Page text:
Welcome to the first Foodista interview! In the future we plan to interview all kinds of people in the food world and share their experiences, ideas, and insights.
Today we are starting with Elizabeth Warner of Elizabethan Fare in Putney, Vermont. Elizabeth and I have been good friends since high school. After traveling the world, Elizabeth returned to Vermont, where she founded and runs her own catering company with her husband David.
Here's a bit of our recent conversation...
What are the Elizabethan Fare signature dishes? Can you share a recipe with our readers?
Grilled lemon and rosemary Chicken, Citrus Glazed Salmon with a mango fruit salsa and Maple infused pulled pork..great for rehearsal BBQs!
Citrus Glazed Salmon
Makes 8 servings
4 pounds salmon fillets (pin bones removed) Skin on or off
1.5 cups orange juice
1/2 cup orange marmalade
1/2 cup Grand Marnier / or orange liquor
1/2 tsp ground ginger
Combine ingredients in heavy duty saucepan and reduce until the thickness is that of honey. Let cool. Prepare salmon fillets on a baking sheet lined with parchment paper. Salt and pepper the fillets. Generously brush glaze onto fish. Bake until medium rare approximately 7-10 minutes depending on your oven. This can also be grilled. Brush on the glaze as you grill.
What are your culinary inspirations? Where do you get recipes?
Our backyard, so to speak. Southern Vermont is like a little Provence we have world class boutique cheeses, Grass fed organic beef, incredible varieties of local, organic fruit and vegetables as well as small batch ice creams made with hormone, antibiotic free milk. We cook using the freshest, most local organic products available. We bring in fish from the Boston Market and work directly with the fish market. Many of my recipes are mine from start to finish. I have an understanding of what works together and what doesn't, as I have been cooking for 20+ years. Some of my recipes are a combination of many recipes I have found on the Web and then adjusted to be my own.
What advice do you have for the home party-planner to make their events successful?
Plan ahead, prepare as many things as possible ahead. Don't be afraid to hire someone to help with the dishes, refreshing the platters etc. It is truly worth the expense, and you may actually enjoy your own party!
What's unique about catering in Vermont?
75% of our clients are from out of State, some of our clients have been from as far away as Holland and Denmark. I have had clients whom I have spoken to a hundred times and finally met on the day of their wedding.
Also you can have a destination wedding for a good price even today. We also have the weather.
What's the wildest party/event you've catered?
My own wedding. I had 234 guests at my wedding. We were married New Years Weekend at The Putney School. There was a candlelit ceremony just after sunset with a three piece classical trio playing Pachabel Canon as I walked down the aisle. I got married in burgundy and gold (no one had seen my dress, or knew before hand what I was wearing). The entire crowd of standing room only guests let out a gasp when I walked in, flanked by my divorced parents and preceded by my Labradors. We were quite a site. We had three acts to our wedding play, as I termed it. The classical, elegant ceremony followed by the sumptuous cocktail hour with over twelve appetizers and a jazz pianist playing. We brought in a 9 piece Merengue band from Boston for the dinner dancing and a DJ for late night dancing. I worked endlessly planning, preparing and organizing our wedding, I never ate. As a result, I slept for most of our honeymoon.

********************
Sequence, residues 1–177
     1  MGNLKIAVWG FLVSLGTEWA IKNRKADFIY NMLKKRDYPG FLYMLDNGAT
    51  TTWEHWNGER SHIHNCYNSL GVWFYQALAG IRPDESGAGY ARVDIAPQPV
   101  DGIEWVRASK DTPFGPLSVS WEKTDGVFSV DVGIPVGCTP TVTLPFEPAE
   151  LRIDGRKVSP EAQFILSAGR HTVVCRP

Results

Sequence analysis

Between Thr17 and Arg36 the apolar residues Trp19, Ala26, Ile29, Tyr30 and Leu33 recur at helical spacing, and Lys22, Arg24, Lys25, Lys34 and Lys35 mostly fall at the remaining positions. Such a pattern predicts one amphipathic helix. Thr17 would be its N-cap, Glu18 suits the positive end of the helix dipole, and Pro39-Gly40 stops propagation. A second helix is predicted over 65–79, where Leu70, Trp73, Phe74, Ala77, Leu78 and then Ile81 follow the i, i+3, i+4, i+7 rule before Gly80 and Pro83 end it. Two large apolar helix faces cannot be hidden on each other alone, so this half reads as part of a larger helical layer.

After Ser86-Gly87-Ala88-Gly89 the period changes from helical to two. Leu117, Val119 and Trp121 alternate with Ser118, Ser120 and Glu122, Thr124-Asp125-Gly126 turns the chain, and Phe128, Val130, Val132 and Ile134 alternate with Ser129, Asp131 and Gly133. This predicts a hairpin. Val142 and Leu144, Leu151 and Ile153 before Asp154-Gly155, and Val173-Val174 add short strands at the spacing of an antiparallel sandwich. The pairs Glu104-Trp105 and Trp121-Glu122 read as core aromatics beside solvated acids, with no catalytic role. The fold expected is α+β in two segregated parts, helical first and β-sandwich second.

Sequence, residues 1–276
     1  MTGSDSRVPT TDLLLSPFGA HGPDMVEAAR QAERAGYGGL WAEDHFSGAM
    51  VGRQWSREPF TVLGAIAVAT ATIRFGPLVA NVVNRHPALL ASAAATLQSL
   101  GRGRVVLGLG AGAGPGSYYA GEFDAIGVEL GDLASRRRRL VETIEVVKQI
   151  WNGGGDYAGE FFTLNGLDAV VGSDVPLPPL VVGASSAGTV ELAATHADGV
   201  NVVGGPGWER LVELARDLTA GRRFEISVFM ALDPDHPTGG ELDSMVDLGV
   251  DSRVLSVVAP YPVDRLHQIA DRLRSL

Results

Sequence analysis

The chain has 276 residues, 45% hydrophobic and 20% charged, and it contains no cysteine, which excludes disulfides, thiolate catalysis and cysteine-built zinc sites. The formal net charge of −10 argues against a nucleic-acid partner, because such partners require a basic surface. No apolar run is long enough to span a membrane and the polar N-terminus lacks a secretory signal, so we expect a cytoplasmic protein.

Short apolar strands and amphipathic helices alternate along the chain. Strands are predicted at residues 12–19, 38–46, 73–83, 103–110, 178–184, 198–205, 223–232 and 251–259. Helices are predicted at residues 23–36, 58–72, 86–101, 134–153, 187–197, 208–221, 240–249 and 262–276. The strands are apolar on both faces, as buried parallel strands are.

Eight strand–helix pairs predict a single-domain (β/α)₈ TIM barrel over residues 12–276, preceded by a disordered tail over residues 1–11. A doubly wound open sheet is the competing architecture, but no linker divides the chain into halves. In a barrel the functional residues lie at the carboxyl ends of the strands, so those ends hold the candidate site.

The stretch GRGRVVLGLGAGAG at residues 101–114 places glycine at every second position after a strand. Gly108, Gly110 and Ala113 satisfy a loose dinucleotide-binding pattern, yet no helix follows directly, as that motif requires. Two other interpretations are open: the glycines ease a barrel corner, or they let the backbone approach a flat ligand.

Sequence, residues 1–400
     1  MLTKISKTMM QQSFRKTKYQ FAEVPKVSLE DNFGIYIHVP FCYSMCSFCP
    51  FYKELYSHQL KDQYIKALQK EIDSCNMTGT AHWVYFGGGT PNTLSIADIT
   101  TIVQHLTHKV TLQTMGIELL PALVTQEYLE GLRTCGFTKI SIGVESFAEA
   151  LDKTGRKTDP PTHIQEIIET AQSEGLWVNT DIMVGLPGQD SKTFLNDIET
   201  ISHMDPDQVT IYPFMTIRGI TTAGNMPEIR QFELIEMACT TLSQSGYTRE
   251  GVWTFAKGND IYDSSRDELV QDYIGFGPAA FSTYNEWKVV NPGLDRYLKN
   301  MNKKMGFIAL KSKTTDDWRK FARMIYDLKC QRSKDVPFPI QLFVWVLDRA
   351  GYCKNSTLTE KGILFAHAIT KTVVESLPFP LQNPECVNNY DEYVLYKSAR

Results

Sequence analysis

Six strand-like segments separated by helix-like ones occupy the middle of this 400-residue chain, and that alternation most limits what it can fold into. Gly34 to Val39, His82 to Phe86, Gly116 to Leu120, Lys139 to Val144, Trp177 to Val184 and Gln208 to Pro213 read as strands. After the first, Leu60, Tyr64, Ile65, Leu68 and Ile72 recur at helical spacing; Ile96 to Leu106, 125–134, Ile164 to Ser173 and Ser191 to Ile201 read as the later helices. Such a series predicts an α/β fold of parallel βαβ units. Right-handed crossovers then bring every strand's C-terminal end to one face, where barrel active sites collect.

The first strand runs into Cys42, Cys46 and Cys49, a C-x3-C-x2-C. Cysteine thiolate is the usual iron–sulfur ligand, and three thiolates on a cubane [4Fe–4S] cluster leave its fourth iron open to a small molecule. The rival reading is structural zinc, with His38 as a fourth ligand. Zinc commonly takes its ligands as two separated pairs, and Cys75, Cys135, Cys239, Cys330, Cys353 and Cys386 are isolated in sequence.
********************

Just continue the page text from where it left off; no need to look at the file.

Can you share a story of catering disaster?
I am a detail person, I always plan for rain, cold heat etc. Two years ago we were catering a wedding in Walpole, NH when the rains kept coming . We made it through the wedding, moved furniture inside and set up a makeshift ceremony site (The ceremony was scheduled to be outside in an apple orchard overlooking a gorgeous array of fall colors). The next morning however was a disaster! My staff and I arrived to set up brunch when my phone started ringing. The sister of the bride called to tell me that the guests were trapped at their hotel in Keene, NH. The roads were flooded, their cars were underwater and grandparents were being airlifted by helicopter off of the roof of the hotel! Next the mother of the bride called and demanded a refund for the brunch, which was staffed and set up. I told her I couldn't give her a refund as my staff and the food were present; we also have an "act of God" clause in our contract. We ended up donating the food to the rescue workers in Vermont and NH in the name of the wedding. I spent the rest of the day with the Governor delivering food to firemen, policemen and rescue squads.
Who's hardest to deal with? Brides, Grooms, parents of the Bride, parents of the Groom?
It really depends on the family's dynamic. Many times I find I am also the therapist. I have had mothers of the bride who have been lovely to work for and then I have had mother's who...well...I don't like to talk about them. There are a few brides who need to be reminded that weddings aren't just about them, they are also family reunions.
Is there a single cooking technique/trick/tip you think everyone should know?
Marinate the day before if it is chicken, pork, lamb or beef. Never fish! You will end up with more flavor and a moister dish all around, especially if you are grilling.
What's your comfort food?
Roasted chicken cooked with wine and herbs, Basmati rice and steamed broccoli with lemon and butter. My 5 year old helps to make that favorite family dinner.